[Python-3000] hash as attribute/property
brett at python.org
Tue Apr 4 21:48:43 CEST 2006
On 4/4/06, Barry Warsaw <barry at python.org> wrote:
> On Tue, 2006-04-04 at 09:57 -0700, Guido van Rossum wrote:
> > On 4/3/06, Delaney, Timothy (Tim) <tdelaney at avaya.com> wrote:
> > > I've been thinking that `hash` could be an attribute (or property if it
> > > needs to be calculated on-the-fly) rather than the current method call.
> > >
> > > Or it could be an easy thing to add to the "won't change" PEP ...
> > The latter, please.
> > We apparently need more guidance for when it's appropriate to turn
> > something into an attribute. I don't have time to write that up right
> > now; if someone else can give it a shot, I'd appreciate it; or I'll
> > come back to this topic later.
> Just a data point. In our API, we've been converting all of our no-arg
> methods to attributes/properties, each of which may or may not be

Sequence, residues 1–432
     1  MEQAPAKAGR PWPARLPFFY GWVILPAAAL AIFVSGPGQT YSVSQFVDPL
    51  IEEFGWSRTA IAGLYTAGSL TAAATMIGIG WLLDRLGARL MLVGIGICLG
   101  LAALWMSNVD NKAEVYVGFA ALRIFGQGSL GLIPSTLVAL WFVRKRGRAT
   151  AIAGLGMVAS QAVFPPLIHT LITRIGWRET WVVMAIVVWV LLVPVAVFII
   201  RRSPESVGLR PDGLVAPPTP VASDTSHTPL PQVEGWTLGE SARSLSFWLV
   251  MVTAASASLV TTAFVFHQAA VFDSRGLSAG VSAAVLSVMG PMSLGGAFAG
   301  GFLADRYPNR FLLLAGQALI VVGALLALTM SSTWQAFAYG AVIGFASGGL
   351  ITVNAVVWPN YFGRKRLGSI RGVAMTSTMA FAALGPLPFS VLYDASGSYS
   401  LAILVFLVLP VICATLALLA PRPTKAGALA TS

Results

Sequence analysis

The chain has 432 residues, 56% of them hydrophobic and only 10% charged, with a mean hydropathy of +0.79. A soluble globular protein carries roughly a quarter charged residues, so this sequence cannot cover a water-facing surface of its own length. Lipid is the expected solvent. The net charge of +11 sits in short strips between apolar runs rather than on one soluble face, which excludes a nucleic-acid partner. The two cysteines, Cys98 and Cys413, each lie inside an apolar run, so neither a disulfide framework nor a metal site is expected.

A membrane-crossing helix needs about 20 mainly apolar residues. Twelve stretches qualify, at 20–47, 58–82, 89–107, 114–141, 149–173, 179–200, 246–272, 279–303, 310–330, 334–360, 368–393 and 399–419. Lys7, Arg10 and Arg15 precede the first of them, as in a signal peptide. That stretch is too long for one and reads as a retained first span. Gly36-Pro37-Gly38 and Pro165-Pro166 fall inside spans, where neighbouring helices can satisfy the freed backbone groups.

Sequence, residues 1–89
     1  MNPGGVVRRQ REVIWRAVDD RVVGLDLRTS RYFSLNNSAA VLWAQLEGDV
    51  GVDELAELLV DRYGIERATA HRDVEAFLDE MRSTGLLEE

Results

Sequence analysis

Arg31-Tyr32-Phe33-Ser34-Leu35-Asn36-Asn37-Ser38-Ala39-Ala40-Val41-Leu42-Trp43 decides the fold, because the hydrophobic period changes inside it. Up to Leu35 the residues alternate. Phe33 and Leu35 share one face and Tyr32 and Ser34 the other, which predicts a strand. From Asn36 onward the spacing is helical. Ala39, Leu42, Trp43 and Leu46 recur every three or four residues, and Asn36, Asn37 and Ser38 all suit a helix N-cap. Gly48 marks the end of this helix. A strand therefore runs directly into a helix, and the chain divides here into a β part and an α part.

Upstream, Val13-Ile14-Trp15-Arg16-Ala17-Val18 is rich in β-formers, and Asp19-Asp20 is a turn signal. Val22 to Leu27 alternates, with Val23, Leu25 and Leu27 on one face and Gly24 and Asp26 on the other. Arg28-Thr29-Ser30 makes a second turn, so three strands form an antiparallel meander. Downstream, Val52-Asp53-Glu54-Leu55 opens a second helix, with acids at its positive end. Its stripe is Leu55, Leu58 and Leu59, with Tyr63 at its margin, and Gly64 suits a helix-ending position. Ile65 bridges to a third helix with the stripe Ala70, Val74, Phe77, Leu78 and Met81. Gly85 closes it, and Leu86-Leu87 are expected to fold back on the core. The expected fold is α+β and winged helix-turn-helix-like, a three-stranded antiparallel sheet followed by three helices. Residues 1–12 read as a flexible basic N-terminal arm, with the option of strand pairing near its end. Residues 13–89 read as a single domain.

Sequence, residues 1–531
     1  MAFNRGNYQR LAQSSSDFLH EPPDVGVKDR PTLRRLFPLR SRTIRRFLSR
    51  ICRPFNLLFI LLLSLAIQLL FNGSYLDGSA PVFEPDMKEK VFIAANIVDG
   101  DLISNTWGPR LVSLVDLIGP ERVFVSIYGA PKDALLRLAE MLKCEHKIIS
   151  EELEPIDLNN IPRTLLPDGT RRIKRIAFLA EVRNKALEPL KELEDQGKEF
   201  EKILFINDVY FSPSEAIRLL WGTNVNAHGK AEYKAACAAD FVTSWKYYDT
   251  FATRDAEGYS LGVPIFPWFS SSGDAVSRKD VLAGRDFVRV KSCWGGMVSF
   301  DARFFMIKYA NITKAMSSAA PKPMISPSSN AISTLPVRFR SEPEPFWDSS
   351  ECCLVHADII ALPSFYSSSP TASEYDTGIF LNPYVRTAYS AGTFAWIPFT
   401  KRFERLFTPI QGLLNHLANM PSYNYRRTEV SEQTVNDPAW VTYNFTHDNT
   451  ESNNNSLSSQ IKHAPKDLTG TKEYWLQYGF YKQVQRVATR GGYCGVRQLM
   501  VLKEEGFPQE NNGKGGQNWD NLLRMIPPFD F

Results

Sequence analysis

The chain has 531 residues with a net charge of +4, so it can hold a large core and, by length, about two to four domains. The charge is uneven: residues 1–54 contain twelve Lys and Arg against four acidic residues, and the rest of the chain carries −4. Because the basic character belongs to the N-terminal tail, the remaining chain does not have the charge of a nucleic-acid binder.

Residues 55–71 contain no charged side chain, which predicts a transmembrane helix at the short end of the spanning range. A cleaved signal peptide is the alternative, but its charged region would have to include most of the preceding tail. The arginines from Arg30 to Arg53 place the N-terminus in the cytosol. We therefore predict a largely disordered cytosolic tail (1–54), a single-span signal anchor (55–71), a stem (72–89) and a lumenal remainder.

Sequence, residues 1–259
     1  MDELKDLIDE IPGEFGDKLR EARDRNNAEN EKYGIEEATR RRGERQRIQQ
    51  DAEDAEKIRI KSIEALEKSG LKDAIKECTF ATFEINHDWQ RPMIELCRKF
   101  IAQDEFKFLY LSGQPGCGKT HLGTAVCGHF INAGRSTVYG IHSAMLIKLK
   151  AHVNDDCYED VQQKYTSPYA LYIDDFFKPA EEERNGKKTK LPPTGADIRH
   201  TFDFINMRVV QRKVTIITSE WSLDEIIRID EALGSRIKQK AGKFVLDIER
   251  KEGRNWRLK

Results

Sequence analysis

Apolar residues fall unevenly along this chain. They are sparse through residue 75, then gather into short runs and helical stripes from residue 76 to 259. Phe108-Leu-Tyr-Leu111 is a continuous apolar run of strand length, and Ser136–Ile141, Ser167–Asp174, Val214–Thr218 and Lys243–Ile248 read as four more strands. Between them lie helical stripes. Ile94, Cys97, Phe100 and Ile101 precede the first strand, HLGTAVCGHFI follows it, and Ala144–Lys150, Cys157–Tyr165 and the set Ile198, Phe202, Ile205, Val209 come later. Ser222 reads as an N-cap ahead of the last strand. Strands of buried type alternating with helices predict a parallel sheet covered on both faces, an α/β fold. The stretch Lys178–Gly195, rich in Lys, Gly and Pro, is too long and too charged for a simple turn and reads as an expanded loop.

> writable of course. It's simplified our Python code enormously, and
> made it much more readable. Certainly "foo.get_something()" and
> "foo.set_something(thing)" are much better spelled "foo.something" and
> "foo.something = thing".
I would amend that to anything that does not cause mutation when
calling (this does not include creating new objects, though) or mutate
other things when assigning (thanks to properties that is possible).
Basically that is my personal rule of thumb for when I code.
> As a general principle, we've been making this conversion for any
> getters and setters that take no arguments, both for pure-Python types
> and C-implemented types. While we were at it, we changed everything
> that returns a newly formed concrete sequence to returning an iterator
> (which broke code that was doing random access into the sequence, but
> that's another story).
> I don't know whether Python 3000 wants to encourage that style, but it
> works well for us.
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